It seems inevitable that the Jacksonville Jaguars will be firing head coach Gus Bradley at the conclusion of the 2016 season. It was supposed to be the year the team expected to win ball games, the year after the team was declared “built”, and a year that ended up as an ultimate failure. The ire that was directed at Bradley has now turned to questions about the architect, Jaguars general manager Dave Caldwell. Early in the season a lot of people assumed that Bradley would guy and Caldwell would stay, because he’s done a good job constructing the Jaguars roster. Through nine games of the season however, even that is legitimately worth questioning.
So do the Jaguars keep Dave Caldwell when they inevitably part ways with Gus Bradley?
The answer isn’t simple.
First you have to factor in the contract Caldwell has. His deal runs through the 2017 season, which means if he’s going to stick around, he’s hiring a head coach as a lame duck general manager. That typically doesn’t end well. I’ve seen a lot of people ask if Caldwell deserves to be fired, but when you look going forward that is the wrong question to be asking, especially considering the dilemma that is there with bringing in a new coach. The appropriate question is actually; Does Dave Caldwell deserve a contract extension?
You ask that question because if you keep Caldwell with whatever new coach you bring in, he’s going to have to be extended and the coach is going to have to be on board with Caldwell as their general manager. This instantly weakens to potential pool of candidates in what could be a competitive open coaching market, especially if a few perennial playoff teams decide they want to go another direction. So, let’s examine exactly what Caldwell has done since taking over as the general manager.
Caldwell’s first draft class was roundly praised in the moment, and it looked good. Three years removed however, it was a total disaster of a draft class. Gene Smith bad. Joeckel was nothing more than a mediocre-at-best left tackle and was forced inside at guard. I’d be surprised if he’s back with the Jaguars next season, even as a backup. Johnathan Cyprien has been a massive failure until this season, where he’s just mediocre. The only other draft pick still on the team after those two is Denard Robinson, who’s just a special teams contributor.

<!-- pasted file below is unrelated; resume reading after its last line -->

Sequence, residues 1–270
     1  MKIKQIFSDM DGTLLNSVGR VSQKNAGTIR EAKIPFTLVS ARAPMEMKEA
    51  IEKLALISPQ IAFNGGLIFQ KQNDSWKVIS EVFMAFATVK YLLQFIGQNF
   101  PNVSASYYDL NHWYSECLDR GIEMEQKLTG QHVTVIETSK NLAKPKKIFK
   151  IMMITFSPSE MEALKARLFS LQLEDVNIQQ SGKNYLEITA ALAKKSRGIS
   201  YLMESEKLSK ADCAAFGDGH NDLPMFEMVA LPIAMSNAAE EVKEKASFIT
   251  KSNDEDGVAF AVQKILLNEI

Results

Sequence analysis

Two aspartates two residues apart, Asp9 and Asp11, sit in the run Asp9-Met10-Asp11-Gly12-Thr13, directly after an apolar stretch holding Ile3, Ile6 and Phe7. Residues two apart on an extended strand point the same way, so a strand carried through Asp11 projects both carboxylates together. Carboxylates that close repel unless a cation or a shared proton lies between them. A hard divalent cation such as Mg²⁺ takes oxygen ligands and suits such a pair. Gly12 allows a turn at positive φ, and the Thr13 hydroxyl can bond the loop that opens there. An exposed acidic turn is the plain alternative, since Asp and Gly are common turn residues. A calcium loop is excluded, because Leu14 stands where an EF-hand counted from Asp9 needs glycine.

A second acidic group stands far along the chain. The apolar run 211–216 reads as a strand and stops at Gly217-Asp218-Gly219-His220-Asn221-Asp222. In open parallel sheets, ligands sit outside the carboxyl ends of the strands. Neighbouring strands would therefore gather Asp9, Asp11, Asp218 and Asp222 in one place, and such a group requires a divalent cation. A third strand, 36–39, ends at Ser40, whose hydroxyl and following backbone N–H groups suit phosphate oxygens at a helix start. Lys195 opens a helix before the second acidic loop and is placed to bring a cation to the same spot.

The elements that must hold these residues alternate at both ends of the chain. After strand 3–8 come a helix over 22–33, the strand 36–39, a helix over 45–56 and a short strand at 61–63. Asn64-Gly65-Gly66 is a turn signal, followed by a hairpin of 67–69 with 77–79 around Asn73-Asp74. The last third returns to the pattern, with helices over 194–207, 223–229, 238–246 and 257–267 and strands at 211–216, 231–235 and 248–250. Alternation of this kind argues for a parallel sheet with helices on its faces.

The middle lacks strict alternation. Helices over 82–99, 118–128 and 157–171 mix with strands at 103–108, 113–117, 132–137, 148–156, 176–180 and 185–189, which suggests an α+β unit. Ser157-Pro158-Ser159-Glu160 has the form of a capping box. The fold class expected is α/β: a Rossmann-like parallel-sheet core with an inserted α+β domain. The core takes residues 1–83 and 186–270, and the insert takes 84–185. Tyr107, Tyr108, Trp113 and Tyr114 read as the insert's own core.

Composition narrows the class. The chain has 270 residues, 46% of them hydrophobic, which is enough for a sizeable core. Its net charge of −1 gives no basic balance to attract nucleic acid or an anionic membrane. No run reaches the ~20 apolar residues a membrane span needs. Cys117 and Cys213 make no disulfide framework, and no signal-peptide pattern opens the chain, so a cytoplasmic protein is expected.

On the free agent side of things Caldwell found some gems in Sen’Derrick Marks and Roy Miller, but it’s also likely both of those players are gone after the 2016 season. Miller blew out his Achilles and likely will miss part of the 2017 season and he’s on the wrong side of 30. Marks has come back from two major injuries, but it’s clear he’s not the guy he was two years ago before those issues. He could still be a rotational player, but the Jaguars cup runneth over of interior lineman, young ones too.
The 2014 draft class appeared to be the crown jewel of Caldwell’s rebuild, and entering the 2016 season it was the reason a lot of people thought he was safe no matter what. It appeared he found his franchise quarterback, hit on a Pro Bowl wide receiver in Allen Robinson and flanked him with an undrafted gem in Allen Hurns. Brandon Linder looks to be a long-term solution on the offensive line, Aaron Colvin is an effective nickel corner and Telvin Smith looks like a potential Pro Bowl weakside linebacker. Through nine games of the 2016 season however, there’s a lot of tarnish on this class. Bortles looks to be fast approaching the bust category, going the trajectory or Josh Freeman, completely tanking after his promising 2015 season. Robinson and Hurns production and playmaking have taken a nose dive, but Marqise Lee is finally healthy and contributing to the offense in a positive way. It still looks like an overall good draft class for Caldwell, but if Bortles continues to play the rest of the season like he did the first nine games, it’s going to drag it down. You can’t miss on a Top 5 quarterback.